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Organonickel chemistry is a branch of organometallic chemistry that deals with organic compounds containing a nickel to carbon bond and their reactions  . They are used as a catalyst, as a building block in organic chemistry and in chemical vapor deposition. Organonickel compounds are also short-lived intermediates in organic reactions. The first organonickel compound ever discovered was nickel tetracarbonyl Ni(CO)4 in 1890 and quickly put to use in the Mond process for nickel purification.
Additional recommended knowledge
Organonickel compounds can have oxidation state 0 or +2 and in many ways resemble organopalladium compounds in the same Group 10 element column of the periodic table. Both metals are reducing agents: Raney nickel for nickel and a host of palladium catalysts such as palladium on carbon. Many reactions of nickel compounds are based on reductive elimination / oxidative addition sequences.
Ni alkene complexes
Many complexes exist of nickel coordinated to an alkene. In these comounds nickel is formally zerovalent Ni0 and the bonding is based on the Dewar-Chatt-Duncanson model. One widely available representative is bis(1,5-cyclooctadiene)nickel(0) or Ni(COD)2 containing two cyclooctadiene units. It is a 18VE compound with 10 electrons provided by nickel itself and 4x2 electrons more by the double bonds. This solid melts at 60°C  and is used as a catalyst.
Ni allyl complexes
Allyl halides react with Ni(CO)4 to form nickel pi-allyl complexes. These compounds in turn are sources of allyl nucleophiles in reaction with alkyl halides. In allyl(cyclopentadienyl)nickel(II)  nickel has oxidation number +2. The electron count is 18 (8 from nickel, 6 from the Cp unit and 4 more from the allyl anion).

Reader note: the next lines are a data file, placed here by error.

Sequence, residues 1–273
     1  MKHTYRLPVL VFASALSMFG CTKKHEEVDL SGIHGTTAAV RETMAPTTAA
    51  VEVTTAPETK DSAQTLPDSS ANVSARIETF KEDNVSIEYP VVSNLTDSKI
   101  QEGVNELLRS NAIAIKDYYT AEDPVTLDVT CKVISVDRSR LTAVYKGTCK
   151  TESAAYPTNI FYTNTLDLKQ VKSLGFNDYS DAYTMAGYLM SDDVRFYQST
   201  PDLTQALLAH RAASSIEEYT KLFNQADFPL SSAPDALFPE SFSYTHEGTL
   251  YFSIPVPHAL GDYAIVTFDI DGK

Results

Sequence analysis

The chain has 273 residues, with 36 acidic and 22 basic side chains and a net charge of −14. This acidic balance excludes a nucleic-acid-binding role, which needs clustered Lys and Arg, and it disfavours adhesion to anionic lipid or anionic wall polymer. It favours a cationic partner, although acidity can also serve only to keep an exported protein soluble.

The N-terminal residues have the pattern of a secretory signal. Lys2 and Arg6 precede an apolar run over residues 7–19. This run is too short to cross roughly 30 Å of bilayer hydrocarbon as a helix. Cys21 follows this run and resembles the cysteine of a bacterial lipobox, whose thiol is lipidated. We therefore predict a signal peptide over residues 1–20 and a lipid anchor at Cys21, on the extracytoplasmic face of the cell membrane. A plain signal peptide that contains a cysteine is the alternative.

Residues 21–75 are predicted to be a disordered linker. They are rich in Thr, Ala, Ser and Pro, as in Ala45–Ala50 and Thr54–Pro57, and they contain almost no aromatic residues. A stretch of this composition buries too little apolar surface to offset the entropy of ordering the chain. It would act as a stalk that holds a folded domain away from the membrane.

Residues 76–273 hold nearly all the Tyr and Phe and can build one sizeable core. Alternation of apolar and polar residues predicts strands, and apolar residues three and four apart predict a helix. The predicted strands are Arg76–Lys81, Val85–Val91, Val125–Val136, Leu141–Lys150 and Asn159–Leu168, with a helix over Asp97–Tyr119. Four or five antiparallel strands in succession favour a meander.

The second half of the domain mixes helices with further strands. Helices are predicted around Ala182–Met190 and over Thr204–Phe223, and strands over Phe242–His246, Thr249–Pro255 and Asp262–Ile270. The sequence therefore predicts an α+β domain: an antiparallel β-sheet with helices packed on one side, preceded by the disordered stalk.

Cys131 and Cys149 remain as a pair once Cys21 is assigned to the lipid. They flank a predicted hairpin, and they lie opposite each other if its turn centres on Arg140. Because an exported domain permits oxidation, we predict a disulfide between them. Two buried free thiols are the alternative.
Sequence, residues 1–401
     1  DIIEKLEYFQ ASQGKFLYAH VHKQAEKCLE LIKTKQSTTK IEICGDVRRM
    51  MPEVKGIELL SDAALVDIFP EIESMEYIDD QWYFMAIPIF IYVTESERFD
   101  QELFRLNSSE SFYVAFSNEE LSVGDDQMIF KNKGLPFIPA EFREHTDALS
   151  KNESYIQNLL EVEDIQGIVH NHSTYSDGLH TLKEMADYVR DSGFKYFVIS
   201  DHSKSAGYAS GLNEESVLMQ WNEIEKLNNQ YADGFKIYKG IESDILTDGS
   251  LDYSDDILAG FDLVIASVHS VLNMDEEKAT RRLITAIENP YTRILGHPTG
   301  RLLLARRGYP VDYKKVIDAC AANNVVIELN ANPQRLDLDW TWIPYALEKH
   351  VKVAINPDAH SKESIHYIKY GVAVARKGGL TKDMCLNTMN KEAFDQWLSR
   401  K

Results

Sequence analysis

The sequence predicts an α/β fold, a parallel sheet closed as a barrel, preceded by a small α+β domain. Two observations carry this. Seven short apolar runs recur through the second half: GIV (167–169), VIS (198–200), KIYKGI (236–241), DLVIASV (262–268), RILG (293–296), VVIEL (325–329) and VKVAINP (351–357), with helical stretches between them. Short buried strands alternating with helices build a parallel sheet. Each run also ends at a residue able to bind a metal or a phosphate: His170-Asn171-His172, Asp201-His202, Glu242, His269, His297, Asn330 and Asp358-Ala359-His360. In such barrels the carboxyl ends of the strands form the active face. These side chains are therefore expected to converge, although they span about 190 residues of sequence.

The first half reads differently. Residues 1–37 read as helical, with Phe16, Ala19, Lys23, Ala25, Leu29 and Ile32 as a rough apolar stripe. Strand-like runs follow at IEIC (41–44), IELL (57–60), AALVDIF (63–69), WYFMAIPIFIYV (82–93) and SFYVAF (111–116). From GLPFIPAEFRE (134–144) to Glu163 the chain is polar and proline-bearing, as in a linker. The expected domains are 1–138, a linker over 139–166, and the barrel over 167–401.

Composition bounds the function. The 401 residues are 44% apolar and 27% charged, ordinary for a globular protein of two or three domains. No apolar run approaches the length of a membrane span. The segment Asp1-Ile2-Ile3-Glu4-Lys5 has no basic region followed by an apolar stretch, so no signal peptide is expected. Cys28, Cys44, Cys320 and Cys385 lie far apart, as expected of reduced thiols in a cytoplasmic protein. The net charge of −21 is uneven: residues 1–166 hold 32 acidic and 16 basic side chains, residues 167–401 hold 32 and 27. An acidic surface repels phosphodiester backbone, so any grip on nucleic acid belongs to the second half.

The nickel metallocene pendant is nickelocene NiCp2 with +2 Ni oxidation state and with 20 valence electrons. It is easily reduced to a 19 VE nickelicinium ion. In contrast, the corresponding palladocene based on palladium is an unknown compound.
Nickel carbene complexes
Nickel 12 VE compounds
Nickel compounds of the type NiR2 also exist with just 12 valence electrons. In solution however solvent molecules always interact with the metal atom increasing the electron count. One true 12 VE compound is di(mesityl)nickel prepared from allyl nickel bromide and the corresponding Grignard reagent.
Nickel compounds catalyze the oligomerization of alkenes and alkynes. This property came to light as part as the development of Ziegler-Natta catalyst in the 1950s. It was found that nickel impurities originating from an autoclave killed the propagation reaction (Aufbau) in favor of termination reaction to a terminal alkene: the polymerization of ethylene simply stopped at 1-butene. This so-called nickel effect prompted the search for other catalyst capable of this reaction which resulted in the discovery of new catalysts that actually gave high molar mass polymers (the actual Ziegler-Natta catalysts).
It is noted in one study  that this reaction only works with acetylene itself or with simple alkynes due to poor regioselectivity. From a terminal alkyne 7 isomers are possibly differing in the position of the substituents or the double bond positions. One strategy to remedy this problem employs certain diynes:
The selected reaction conditions also minimize the amount formed of competing [2+2+2]]cycloaddition product to the corresponding substituted arene.
Ni catalyzes the addition of carbon monoxide to alkenes and alkynes. The industrial production of acrylic acid at one time consisted of combining acetylene, carbon monoxide and water at 40-55 atm and 160-200°C with nickel(II) bromide and a copper halide.
|This article is licensed under the GNU Free Documentation License. It uses material from the Wikipedia article "Organonickel". A list of authors is available in Wikipedia.|